Sam Venable 

Department of Irony

You’re at work and get a phone call from the police. 

Your house has been broken into, a cop says. So have nearly all the houses in your neighborhood. For that matter, almost every house in town.  So you drive home and look around. Nothing seems to be out of place. Nothing’s missing, at least not that you can detect. 

“Are you certain we got hit?” you ask the investigator. 

“No doubt about it.” 

He continues: “We don’t know who did it—probably won’t ever find out, to be perfectly honest—but there are fingerprints all over this place. Just wait. In the coming days and weeks, you’ll probably discover how much stuff was taken from you. Hope it’s not too serious and doesn’t ruin your life.” 

Gulp . . . 

That’s the unsettling feeling more than 100 million consumers—present company included—experienced when news broke about a huge security breach at Target and Neiman Marcus stores. Seems our credit card information—including name, street address, e-mail address and phone number—got hacked. Trillions of pieces of personal data then were available for sale on the international black market. 

Welcome to the nightmarish side of technology. 

Mary Ann, chief financial officer in the House of Venable, tracks our credit purchases. Always has, even before this disaster. Nothing is awry at this point, she reports.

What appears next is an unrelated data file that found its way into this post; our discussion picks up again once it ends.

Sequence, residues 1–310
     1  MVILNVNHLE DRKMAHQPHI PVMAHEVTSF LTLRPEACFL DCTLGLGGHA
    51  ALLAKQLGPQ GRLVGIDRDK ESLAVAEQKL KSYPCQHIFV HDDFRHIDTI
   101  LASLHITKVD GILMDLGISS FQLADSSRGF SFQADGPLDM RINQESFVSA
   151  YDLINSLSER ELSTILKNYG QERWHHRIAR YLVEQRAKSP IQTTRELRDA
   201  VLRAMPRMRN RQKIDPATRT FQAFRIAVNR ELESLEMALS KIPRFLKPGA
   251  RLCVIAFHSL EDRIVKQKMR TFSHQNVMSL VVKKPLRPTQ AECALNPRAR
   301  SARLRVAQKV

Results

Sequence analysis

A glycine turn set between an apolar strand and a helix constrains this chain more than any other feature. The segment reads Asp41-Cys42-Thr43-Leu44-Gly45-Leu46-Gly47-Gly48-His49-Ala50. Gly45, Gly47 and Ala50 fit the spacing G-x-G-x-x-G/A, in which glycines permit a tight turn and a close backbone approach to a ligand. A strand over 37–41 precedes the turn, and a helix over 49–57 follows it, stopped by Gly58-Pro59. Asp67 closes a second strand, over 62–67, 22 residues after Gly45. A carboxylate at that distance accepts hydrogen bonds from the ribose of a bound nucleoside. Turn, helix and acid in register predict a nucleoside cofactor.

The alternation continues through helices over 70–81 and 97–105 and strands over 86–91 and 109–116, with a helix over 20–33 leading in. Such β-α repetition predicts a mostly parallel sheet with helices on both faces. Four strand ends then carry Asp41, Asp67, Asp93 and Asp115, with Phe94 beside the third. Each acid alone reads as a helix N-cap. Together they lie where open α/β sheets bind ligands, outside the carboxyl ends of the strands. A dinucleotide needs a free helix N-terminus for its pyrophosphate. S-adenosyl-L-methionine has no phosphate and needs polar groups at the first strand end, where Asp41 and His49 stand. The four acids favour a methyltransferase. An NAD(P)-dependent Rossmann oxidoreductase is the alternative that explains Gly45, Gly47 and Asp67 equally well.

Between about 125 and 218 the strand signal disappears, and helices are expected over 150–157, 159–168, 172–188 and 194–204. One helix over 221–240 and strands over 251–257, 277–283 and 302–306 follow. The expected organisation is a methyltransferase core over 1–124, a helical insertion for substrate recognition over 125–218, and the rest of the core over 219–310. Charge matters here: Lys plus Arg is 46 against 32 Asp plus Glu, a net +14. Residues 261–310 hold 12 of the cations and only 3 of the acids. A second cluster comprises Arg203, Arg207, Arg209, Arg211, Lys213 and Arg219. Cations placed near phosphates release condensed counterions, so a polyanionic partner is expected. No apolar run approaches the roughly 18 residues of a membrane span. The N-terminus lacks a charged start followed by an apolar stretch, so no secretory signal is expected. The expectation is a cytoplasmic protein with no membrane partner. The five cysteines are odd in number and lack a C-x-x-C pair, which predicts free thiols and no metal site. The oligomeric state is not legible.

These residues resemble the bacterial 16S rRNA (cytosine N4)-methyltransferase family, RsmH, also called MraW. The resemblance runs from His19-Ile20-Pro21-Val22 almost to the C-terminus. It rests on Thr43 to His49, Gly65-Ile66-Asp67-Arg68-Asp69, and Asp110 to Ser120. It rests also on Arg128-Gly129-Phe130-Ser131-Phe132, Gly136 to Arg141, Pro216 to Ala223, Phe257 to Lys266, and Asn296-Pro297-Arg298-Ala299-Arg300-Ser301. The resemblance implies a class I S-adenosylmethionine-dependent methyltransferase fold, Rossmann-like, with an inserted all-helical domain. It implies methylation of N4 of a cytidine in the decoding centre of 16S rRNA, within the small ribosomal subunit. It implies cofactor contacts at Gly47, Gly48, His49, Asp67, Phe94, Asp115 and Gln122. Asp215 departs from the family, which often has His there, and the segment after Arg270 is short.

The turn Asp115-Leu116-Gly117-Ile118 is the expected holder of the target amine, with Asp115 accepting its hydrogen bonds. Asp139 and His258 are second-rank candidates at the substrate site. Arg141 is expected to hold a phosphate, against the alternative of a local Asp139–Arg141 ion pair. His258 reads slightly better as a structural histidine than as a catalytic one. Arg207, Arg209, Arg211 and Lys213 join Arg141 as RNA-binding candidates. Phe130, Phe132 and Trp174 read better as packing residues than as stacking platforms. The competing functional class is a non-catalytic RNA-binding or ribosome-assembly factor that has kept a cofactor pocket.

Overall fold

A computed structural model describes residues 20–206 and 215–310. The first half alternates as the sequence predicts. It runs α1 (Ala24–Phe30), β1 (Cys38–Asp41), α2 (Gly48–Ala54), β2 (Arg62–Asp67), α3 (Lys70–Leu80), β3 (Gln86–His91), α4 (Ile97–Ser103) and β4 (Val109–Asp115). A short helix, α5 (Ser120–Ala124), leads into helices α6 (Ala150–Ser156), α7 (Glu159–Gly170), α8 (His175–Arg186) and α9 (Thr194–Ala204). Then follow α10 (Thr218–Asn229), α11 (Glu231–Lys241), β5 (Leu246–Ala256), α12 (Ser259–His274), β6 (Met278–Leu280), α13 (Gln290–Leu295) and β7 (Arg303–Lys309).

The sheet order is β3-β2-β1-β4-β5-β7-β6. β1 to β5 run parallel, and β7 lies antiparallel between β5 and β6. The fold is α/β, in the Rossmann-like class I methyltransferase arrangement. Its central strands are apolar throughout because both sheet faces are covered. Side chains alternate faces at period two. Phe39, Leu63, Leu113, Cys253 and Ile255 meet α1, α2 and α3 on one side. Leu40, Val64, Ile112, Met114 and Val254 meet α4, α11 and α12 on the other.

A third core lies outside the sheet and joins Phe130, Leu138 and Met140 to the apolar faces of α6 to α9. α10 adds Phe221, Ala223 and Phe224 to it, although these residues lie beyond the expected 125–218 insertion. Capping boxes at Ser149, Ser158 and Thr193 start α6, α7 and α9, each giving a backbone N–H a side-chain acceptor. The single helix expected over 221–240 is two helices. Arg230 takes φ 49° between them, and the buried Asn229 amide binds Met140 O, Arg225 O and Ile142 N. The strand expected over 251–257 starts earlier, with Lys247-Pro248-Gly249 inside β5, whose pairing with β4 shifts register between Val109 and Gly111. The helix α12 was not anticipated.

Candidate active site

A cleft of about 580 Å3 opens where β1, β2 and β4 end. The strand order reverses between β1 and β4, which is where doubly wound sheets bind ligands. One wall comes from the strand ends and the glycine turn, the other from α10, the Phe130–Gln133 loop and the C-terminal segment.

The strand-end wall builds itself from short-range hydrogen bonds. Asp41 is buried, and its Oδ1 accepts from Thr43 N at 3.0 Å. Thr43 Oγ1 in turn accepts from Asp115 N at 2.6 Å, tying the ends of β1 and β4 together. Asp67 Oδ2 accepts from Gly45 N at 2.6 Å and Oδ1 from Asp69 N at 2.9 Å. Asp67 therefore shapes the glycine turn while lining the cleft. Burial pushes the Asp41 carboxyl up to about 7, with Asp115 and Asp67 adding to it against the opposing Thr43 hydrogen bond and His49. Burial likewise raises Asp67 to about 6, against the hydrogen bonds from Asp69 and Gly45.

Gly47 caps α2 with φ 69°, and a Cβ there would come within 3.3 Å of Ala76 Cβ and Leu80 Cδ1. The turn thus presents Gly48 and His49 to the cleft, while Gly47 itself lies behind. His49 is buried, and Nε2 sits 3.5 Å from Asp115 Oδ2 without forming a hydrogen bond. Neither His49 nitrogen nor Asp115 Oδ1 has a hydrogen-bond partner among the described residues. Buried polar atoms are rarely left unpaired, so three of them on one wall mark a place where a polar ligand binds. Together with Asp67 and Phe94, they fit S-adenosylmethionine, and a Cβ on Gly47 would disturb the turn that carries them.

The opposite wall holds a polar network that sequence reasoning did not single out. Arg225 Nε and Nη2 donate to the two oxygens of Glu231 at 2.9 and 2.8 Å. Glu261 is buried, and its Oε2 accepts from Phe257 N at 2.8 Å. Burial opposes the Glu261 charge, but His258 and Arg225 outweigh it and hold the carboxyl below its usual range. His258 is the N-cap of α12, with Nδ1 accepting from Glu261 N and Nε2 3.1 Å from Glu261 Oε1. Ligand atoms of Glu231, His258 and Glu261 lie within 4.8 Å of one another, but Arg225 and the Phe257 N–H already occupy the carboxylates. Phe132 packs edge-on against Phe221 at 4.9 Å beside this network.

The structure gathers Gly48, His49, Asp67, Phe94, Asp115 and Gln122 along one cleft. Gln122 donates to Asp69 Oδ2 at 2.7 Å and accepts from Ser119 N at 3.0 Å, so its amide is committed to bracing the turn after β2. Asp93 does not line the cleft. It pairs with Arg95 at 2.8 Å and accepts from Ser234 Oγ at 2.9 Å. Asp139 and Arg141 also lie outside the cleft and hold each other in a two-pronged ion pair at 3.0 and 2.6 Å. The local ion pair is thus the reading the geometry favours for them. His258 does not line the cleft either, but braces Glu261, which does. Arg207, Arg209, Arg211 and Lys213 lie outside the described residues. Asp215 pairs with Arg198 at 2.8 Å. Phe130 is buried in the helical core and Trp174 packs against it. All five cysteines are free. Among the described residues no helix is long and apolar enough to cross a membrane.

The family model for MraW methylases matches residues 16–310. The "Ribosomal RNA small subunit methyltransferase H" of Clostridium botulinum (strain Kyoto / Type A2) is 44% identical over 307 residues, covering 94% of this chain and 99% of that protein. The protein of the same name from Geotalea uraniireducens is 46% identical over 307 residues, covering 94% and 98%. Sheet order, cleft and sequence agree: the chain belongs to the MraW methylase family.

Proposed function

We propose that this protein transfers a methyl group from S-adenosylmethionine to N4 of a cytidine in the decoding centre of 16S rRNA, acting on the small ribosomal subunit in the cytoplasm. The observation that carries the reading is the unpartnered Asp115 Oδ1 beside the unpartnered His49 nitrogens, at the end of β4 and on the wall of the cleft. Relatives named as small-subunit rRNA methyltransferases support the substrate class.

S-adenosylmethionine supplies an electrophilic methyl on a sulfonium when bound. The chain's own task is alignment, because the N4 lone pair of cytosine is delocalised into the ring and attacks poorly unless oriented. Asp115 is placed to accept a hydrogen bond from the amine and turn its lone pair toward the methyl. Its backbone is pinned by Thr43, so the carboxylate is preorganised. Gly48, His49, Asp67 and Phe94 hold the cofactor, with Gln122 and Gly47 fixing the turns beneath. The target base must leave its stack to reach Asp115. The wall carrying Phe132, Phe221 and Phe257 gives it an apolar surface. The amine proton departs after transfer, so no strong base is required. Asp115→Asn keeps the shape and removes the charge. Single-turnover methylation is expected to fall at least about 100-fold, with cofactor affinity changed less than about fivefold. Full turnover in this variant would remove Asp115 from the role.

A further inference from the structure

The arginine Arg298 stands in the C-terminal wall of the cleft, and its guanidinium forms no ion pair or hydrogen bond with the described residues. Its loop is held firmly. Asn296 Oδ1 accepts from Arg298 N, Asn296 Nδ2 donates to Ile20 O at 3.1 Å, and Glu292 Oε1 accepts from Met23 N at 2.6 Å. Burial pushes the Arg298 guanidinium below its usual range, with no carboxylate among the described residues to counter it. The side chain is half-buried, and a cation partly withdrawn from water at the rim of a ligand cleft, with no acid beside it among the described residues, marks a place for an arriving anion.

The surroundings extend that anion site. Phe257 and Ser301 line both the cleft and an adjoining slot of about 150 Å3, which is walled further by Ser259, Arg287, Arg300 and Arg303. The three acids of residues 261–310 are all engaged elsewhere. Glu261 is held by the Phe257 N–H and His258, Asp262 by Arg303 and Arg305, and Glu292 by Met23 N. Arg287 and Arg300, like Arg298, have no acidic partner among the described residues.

Whew. 

Maybe, knock-on-wood, nothing will be. Just the sheer volume of this purloined information likely means most of us won’t be affected. We’re all swimming along like a huge school of fish, hoping dumb statistical luck keeps us from winding up in the belly of a shark.

In my particular case I almost want to laugh. The thought that someone halfway around the globe would pay bootleg prices to become me is hilarious. Why bother with us po’ folks when millionaires are available? 

Just in case it happens, though, here are a few cross-references for anybody tempted to do business with the new Sam Venable: 

Check for my appendix operation scar. Ditto the ones from two back surgeries. There’s also evidence on my right arm from a nitric acid burn in high school chemistry. In the web between my right index finger and “social” finger is a scar from a spurring I took from a wild turkey gobbler that wasn’t as dead as I assumed when I picked him up (also another on my left arm from a similar thrashing several years earlier; I’m a slow learner.) See if they know some of the weird middle names in my family. Quiz ’em about the title of the first magazine story I sold nearly half a century ago. Oh, and two sports-related questions: What product did Mr. Fleming sell at Neyland Stadium, and who was “Orange Drink” at Smokies’ baseball games? 

If the new Sam Venable passes all those tests, he’s in. Shake his hand and welcome him to the fold. 

I do hope he’s a few inches taller and 20 pounds lighter than the original version. Even in a case of identity theft, a guy can always dream.


Sam Venable is an author, entertainer, and columnist for the Knoxville (TN) News Sentinel. He may be reached at
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